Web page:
Is it because coroutines may be preempted in the future? Or it allows people to use yield from in critical section (which IMO shouldn't be encouraged)?

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    It's a lock, not sure what it has to do with preemption, when you try to acquire a lock you specifically yield control in hopes it'll be given back to you with you holding the lock. It is in order to have a critical section one coroutine can enter at a time. It's all in the docs. – Benjamin Gruenbaum Sep 12 '14 at 1:58
  • I don't think you either read the official docs carefully or understand the question. – user3761759 Sep 12 '14 at 6:24

You use it for the same reason you'd use a lock in threaded code: to protect a critical section. asyncio is primarily meant for use in single-threaded code, but there is still concurrent execution happening (any time you hit a yield from or await), which means sometimes you need synchronization.

For example, consider a function that fetches some data from a web server, and then caches the results:

async def get_stuff(url):
    if url in cache:
        return cache[url]
    stuff = await aiohttp.request('GET', url)
    cache[url] = stuff
    return stuff

Now assume that you've got multiple co-routines running concurrently that might potentially need to use the return value of get_stuff:

async def parse_stuff():
    stuff = await get_stuff()
    # do some parsing

async def use_stuff():
    stuff = await get_stuff()
    # use stuff to do something interesting

async def do_work():
     out = await aiohttp.request("www.awebsite.com")
     # do some work with out

loop = asyncio.get_event_loop()

Now, pretend that fetching data from url is slow. If both parse_stuff and use_stuff run concurrently, each will be hit with the full cost of going over the network to fetch stuff. If you protect the method with a lock, you avoid this:

stuff_lock = asyncio.Lock()

async def get_stuff(url):
    async with stuff_lock:
        if url in cache:
            return cache[url]
        stuff = await aiohttp.request('GET', url)
        cache[url] = stuff
        return stuff

One other thing to note is that while one coroutine is inside get_stuff, making the aiohttp call, and another waits on stuff_lock, a third coroutine that doesn't need to call get_stuff at all can also be running, without being affected by the coroutine blocking on the Lock.

Obviously this example is a little bit contrived, but hopefully it gives you an idea of why asyncio.Lock can useful; it allows you to protect a critical section, without blocking other coroutines from running which don't need access to that critical section.

| improve this answer | |
  • 6
    Thanks for the detailed explanation. Let's me summarize it (for people who don't understand the question). 1) coroutines can't be preempted - they run until "yield from" returns the control back to the loop. 2) asyncio.Lock() is used to protect critical sections that call "yield from" - there is no need to use the lock otherwise. The discussion is under assumption of single-threaded asyncio usage mode. – user3761759 Sep 12 '14 at 6:41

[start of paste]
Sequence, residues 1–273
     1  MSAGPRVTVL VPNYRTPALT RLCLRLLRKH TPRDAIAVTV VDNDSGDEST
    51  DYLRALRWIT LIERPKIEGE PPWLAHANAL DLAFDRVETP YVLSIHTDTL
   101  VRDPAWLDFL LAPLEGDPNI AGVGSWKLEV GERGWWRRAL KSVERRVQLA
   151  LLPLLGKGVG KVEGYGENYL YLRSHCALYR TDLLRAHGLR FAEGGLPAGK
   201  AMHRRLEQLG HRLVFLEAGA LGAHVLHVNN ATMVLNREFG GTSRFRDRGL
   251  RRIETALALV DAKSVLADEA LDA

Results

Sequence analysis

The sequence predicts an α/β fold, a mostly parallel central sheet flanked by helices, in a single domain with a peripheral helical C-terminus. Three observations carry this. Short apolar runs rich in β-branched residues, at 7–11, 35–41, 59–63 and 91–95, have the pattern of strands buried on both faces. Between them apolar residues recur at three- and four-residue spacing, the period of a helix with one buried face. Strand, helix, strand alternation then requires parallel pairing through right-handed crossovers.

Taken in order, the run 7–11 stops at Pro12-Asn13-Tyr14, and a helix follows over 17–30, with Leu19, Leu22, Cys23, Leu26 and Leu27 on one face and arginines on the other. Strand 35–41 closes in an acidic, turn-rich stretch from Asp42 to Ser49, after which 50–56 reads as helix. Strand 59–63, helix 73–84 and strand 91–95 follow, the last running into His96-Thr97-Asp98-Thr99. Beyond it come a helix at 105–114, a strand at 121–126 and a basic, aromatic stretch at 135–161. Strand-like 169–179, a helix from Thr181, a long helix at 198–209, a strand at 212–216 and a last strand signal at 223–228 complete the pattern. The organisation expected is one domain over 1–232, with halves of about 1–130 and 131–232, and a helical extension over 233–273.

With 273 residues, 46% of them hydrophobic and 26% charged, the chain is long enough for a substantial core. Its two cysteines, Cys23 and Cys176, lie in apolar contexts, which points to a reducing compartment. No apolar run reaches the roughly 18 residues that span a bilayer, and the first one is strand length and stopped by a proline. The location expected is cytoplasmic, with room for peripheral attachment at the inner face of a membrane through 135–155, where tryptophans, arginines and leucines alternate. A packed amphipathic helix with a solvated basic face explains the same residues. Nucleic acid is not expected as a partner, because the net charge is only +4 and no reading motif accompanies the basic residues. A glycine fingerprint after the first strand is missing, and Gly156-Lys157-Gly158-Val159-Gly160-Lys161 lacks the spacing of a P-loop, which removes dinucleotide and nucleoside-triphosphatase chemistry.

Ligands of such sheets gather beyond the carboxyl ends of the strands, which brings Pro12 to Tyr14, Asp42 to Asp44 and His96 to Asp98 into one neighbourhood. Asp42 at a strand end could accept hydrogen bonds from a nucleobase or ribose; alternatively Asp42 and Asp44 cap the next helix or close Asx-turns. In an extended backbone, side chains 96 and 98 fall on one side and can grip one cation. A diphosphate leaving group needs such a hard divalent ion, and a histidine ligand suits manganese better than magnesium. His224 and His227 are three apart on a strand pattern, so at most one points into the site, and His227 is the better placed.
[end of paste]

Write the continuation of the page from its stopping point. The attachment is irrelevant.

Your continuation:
• As a good example as dano gave, I have to repeat what I said in the question - I personally don't like the idea of using "yield from" in critical section. It sounds irrelevant but I have to say it. – user3761759 Sep 12 '14 at 6:59
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    dano - In this particular example (keeping in mind that it is indeed contrived), wouldn't you get equivalent performance if you just removed the yield from and made a blocking HTTP request? Because with the locking as it is, only 1 instance of get_stuff() will ever be in progress. (As in, instance B can only start when instance A has fully completed.) – Nick Chammas Apr 8 '15 at 3:37
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    @NickChammas If the only coroutines running in the entire application are waiting on get_stuff, then the performance would be equivalent. But if you've got other coroutines running other methods that don't need the lock, then no; a blocking HTTP request would block all those other coroutines, completely halting your application until it completes. Using an asyncio.Lock allows all those other coroutines to continue to run. – dano Apr 8 '15 at 3:41
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    @SamanthaAtkins they can't run in parallel, but they can run concurrently. Again my answer gives a use-case where concurrent execution without locking causes unintended behavior. – dano Dec 19 '17 at 16:49

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